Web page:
- Ape #73’s statistical rarity is 0.00000000070744%
- Ape #9941’s statistical rarity is 0.00000056965722%
- Ape #9542’s statistical rarity is 0.00000044983967%
So, with this method, the ranking would be #73, #9542 and then #9941
Let’s recap those rankings:
Three different methods with three different results when comparing just 3 apes. Imagine the differences between them when sorting the full collection of 10,000!
All these methods are methods that are currently being used in community made ranking spreadsheets and websites.
So if this article doesn’t convince you of anything, it should at least convince you that ranking the rarity of NFTs is a problem without an obvious solution.
Statistical Rarity vs. Example Collection A and B
Now let’s see how Statistical Rarity does with our 2 example collections that we tested Trait Rarity and Average Trait Rarity with.
First let’s see the one Trait Rarity failed with:
Here it says NFT ID 2 is rarer which matches Average Trait Rarity, and so it passes our first test.
Next lets see how it does with Example Collection B
Oh! Just like with Average Trait Rarity, Statistical Rarity says NFT ID 7–10 are rarer than NFT ID 1!
But IDs 7–10 are duplicates of each other! Or should we believe in Statistical Rarity results and go out and buy IDs 7–10 at a higher price than NFT ID 1?
But clearly NFT ID 1 is the only 1 of 1, the rarest if you ask most people as there isn’t any others like it.
Some might say ‘but I thought Statistical Rarity was ‘Statistically Correct’ ’?
The thing is, by multiplying all the rarities of each NFT’s traits, you aren’t really measuring the rarity of an NFT in a specified NFT collection. What is really being measured is something else, which I will leave for the reader to ponder as this article would get even longer than it is.
Lets look at Rarity Score next.
Rarity Score: How is it Calculated?
So, what is Rarity Score? Rarity Score is a method that I (the founder of rarity.tools) came up with.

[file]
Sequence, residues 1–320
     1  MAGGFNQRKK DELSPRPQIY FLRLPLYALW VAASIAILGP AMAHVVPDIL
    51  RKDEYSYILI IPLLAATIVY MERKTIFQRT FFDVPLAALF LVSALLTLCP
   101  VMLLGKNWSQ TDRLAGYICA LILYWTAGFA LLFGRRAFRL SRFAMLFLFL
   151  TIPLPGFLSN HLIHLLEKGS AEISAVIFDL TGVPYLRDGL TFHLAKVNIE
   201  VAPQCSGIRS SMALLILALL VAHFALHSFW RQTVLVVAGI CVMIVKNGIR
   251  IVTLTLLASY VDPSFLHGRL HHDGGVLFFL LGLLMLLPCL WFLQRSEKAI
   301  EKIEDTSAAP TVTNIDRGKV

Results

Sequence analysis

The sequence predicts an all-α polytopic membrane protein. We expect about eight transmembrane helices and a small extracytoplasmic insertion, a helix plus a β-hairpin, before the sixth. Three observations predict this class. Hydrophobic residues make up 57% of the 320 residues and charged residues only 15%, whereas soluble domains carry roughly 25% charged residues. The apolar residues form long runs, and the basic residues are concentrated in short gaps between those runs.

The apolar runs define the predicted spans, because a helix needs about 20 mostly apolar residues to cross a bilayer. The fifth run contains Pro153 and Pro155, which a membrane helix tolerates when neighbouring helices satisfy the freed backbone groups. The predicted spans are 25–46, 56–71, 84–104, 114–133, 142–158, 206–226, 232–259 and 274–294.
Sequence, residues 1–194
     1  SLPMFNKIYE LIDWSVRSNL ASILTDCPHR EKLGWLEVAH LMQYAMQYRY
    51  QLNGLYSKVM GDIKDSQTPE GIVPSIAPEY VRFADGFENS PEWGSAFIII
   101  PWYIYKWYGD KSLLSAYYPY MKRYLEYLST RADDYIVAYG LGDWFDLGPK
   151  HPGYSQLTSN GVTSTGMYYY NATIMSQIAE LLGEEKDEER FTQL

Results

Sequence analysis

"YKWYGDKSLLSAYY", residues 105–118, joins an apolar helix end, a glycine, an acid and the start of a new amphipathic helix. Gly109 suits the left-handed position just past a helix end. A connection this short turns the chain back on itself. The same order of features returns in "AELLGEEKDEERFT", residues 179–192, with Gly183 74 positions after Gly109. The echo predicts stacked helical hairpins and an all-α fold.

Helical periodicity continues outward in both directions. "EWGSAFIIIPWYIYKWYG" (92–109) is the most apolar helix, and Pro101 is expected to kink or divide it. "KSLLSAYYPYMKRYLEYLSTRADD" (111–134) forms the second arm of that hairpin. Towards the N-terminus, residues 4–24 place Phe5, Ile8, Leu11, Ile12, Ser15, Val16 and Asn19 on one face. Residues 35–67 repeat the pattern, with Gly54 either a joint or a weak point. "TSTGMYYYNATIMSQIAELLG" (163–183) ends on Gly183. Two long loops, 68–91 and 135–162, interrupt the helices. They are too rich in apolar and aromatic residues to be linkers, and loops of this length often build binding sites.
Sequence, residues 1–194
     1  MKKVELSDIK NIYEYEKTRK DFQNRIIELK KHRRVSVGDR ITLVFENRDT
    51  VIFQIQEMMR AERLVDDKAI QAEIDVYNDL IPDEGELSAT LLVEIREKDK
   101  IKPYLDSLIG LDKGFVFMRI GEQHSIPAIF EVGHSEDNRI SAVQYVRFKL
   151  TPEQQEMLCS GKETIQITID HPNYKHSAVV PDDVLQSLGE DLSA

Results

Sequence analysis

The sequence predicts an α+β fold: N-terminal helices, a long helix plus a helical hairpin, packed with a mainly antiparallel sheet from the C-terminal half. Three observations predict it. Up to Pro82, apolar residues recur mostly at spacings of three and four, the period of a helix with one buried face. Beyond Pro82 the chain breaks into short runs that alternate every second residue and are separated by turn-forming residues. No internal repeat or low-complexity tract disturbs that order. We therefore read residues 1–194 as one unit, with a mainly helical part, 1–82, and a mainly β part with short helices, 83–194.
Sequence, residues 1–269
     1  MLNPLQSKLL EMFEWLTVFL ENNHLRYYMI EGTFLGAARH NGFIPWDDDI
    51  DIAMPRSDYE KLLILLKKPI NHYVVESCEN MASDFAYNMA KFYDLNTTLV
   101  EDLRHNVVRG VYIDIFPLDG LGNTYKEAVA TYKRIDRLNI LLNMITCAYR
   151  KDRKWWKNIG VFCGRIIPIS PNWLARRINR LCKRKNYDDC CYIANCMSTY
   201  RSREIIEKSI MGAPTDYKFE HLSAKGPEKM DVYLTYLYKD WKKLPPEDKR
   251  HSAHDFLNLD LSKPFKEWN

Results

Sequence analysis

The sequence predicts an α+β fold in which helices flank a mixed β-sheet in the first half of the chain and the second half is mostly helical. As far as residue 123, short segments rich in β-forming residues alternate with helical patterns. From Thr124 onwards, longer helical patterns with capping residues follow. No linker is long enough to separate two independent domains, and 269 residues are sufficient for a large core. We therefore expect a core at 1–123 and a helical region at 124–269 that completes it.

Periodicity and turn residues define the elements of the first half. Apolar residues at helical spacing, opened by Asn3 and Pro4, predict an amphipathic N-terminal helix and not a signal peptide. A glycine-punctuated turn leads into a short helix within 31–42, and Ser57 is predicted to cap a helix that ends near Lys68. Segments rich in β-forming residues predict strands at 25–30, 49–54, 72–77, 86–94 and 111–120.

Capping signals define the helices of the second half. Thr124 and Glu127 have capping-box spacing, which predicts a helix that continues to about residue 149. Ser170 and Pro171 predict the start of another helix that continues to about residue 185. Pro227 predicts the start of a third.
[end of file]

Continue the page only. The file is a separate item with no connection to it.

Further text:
The simple way to calculate Rarity Score which was also described on that site is:
[Rarity Score for a Trait Value] = 1 / ([Number of Items with that Trait Value] / [Total Number of Items in Collection])
The total Rarity Score for an NFT is the sum of the Rarity Score of all of it’s trait values.
This simple calculation gives very good results and today is also used as the basis of rarity ranking in other NFT sites including an NFT marketplace.
Because [Number of Items with that Trait Value] / [Total Number of Items in Collection] is the same as the trait rarity (fractional, not %), we can also say that
[Rarity Score for a Trait Value] = 1 / [Trait Rarity of that Trait Value]
Rarity Score vs. Example Collection A and B
Let’s go ahead and see how Rarity Score tackles our two problem examples.
Remember that these imaginary NFT collections are extremely simple. If whatever calculation method we use can’t even get these right, then how can we trust our method to get collections of 10,000s of NFTs right?
Let’s start with Example Collection A. First we write down the trait rarities in fractional form:
Then we convert them to rarity scores. For example NFT ID 1 Trait 1 Rarity Score is (1 / 0.1) = 10 and then we add them all up for each NFT ID
So Rarity Score says NFT ID 2 is more valuable because it has a higher score!
Next let’s see how it handles Example Collection B. We’ll go ahead and calculate the scores:
Yes! Rarity Score correctly ranks NFT ID 1 as the most rare NFT followed by NFT IDs 7–10 and then IDs 2–6.
So what we have seen here is in both of these example cases, the Rarity Score method has given us results that match our instinctive human picks of which NFT is rarer, while Statistical Rarity and other methods have failed.
As noted, Statistical Rarity and Average Rarity have a tendency to over-emphasize the overall level of rarities of all traits in an NFT, while not giving enough emphasis to single rare traits that could be 1 of 1s in the whole collection.
Trait Rarity on the other hand has the complete opposite problem where it only considers the rarest trait.
Rarity Score give results that give enough emphasis to single rare traits and also includes overall trait rarities in its calculation. And most importantly the results it gives match better with our human expectations.
While the calculation methods are the most core part of calculating the rankings, there are still many additional elements that are used to get the best final result.
In the next articles, I will write about trait normalization, uniqueness, weightings and using combined traits and possibly other topics.
Why or how Rarity Score works is also something I might write about.